HMS Dreadnought 1906
HMS Dreadnought, named after a ship of the line at the Battle of Trafalgar, gave her name to a revolution in naval warfare. Built in Portsmouth Dockyard in just over a year, she was the best-armed and fastest battleship in the world when completed in 1906. At a time when battleships usually mounted only four big guns and an array of smaller weapons, Dreadnought's ten big 305mm guns made all other battleships out-of-date. Powered by new steam turbines she had a top speed of 21 knots, 3 knots faster than battleships with traditional piston engines.
Dreadnought was the idea of Admiral Sir John Fisher who became First Sea Lord in 1904. Fisher wanted to replace battleships with fast all-big-gun armoured cruisers, called battlecruisers, which could deal with both battleships and cruisers. Armour was not as important as big guns that could penetrate any armour at long range. Fisher's colleagues at the Admiralty were not so revolutionary, so Fisher gave in and built an all-big-gun battleship, Dreadnought, instead.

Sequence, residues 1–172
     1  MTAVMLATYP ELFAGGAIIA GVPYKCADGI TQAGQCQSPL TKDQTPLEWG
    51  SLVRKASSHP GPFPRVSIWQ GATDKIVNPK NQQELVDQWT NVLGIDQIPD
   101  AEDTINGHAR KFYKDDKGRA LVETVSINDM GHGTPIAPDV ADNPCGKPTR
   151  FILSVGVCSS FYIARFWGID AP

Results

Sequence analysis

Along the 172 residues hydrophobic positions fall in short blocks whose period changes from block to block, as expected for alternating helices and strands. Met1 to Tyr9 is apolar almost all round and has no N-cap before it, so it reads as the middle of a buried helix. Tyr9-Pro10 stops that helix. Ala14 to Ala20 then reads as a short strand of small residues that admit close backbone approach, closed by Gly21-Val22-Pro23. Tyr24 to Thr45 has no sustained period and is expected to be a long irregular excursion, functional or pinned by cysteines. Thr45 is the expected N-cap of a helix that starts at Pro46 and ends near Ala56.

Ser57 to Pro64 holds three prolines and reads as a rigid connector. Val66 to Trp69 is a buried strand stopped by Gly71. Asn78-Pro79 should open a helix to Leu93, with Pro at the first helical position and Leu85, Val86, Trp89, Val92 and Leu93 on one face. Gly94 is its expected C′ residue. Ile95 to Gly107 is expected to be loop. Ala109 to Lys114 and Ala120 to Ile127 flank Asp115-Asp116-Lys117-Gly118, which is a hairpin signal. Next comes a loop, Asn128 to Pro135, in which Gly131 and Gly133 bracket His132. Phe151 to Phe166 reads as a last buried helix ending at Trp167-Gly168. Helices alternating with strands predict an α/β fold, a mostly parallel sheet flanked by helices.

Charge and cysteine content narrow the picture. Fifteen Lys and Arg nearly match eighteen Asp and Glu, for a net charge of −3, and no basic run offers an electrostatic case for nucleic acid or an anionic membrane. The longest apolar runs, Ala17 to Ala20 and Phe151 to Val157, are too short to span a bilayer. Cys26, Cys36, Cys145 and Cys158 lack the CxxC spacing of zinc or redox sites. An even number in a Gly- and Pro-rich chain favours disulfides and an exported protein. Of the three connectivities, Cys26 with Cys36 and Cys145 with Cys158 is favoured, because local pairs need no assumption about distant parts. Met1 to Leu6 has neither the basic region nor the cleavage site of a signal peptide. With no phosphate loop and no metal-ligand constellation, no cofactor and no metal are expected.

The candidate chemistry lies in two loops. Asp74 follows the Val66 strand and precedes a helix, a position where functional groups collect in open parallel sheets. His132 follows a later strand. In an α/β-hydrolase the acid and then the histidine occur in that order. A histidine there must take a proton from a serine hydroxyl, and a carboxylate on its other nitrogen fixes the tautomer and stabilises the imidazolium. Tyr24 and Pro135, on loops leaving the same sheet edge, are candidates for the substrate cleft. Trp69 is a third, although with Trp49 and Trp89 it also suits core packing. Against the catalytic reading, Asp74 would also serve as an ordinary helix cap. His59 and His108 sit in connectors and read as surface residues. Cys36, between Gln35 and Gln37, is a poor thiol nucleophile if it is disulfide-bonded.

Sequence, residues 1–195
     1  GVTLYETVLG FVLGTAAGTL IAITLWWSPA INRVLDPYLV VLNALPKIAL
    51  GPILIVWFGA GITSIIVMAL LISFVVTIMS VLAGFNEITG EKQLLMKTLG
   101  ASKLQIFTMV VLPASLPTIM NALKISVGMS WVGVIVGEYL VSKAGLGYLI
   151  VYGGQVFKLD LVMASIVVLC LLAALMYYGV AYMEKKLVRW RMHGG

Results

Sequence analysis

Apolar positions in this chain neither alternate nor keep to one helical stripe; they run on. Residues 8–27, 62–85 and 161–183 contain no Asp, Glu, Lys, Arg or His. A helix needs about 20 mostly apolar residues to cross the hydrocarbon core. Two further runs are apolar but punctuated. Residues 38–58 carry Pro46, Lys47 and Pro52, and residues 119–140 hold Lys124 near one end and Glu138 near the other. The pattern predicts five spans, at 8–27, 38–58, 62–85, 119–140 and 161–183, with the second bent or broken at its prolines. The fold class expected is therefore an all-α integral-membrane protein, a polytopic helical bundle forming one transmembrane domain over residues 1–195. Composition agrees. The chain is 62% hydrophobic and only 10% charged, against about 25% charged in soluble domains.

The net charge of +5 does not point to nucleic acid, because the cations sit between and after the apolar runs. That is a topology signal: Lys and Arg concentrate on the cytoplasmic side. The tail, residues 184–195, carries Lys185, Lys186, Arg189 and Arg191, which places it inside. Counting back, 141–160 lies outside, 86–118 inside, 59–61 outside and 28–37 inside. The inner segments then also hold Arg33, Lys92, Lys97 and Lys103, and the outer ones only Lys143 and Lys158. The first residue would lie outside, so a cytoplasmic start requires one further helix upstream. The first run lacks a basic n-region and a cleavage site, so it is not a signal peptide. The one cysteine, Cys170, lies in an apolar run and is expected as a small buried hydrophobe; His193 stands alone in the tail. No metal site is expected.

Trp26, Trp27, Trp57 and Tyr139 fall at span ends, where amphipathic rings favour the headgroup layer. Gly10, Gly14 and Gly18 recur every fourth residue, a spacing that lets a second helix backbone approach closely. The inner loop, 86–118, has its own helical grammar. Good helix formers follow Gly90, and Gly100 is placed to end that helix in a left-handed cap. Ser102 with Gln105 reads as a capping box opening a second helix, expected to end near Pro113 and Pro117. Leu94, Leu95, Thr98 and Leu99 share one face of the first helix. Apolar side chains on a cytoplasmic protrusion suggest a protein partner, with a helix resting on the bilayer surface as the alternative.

In the same way as HMS Warrior almost fifty years before, the construction of Dreadnought was intended by Fisher to deter Britain's enemy, in this case Germany, through a demonstration of technological excellence and to indicate that any challenge to British naval supremacy would be futile.
On 29 March 1915 she rammed and sank the German submarine U-29. She remains the only battleship to have sunk a submarine. Compare the statistics for HMS Dreadnought and for pre-dreadnought battleship HMS King Edward VII completed only a year earlier:
|HMS Dreadnought (1906)||HMS King Edward VII (1905)|
|Period in service:||1906 - 1918||1905 - 1916|
|Displacement:||18,110 tons||15,630 tons|
|Length:||160.6m / 526ft||138.3m / 453.8ft|
|Beam:||25m / 82ft||23.8m / 78ft|
|Armament:||10 x 12 inch (305mm) guns
27 x 12 pounder guns
5 x 18 inch (457mm) torpedo tubes
4 x 12 inch (305mm) guns
4 x 9.2 inch (232mm) guns
10 x 6 inch (102mm) guns
4x 18 inch (457mm) torpedo tubes
|Armour:||4 - 11 inch belt, Up to 4 inch deck
4 - 11 inch barbettes, 11 inch turrets
|Up to 9 inch belt, 2.5 inch deck
12 inch barbettes, 12 inch turrets
Notes: The armour belt was the protection along the sides of a ship's hull. The barbette was an armoured cylinder below the turret which protected the ammunition hoists and the turret's turning mechanism.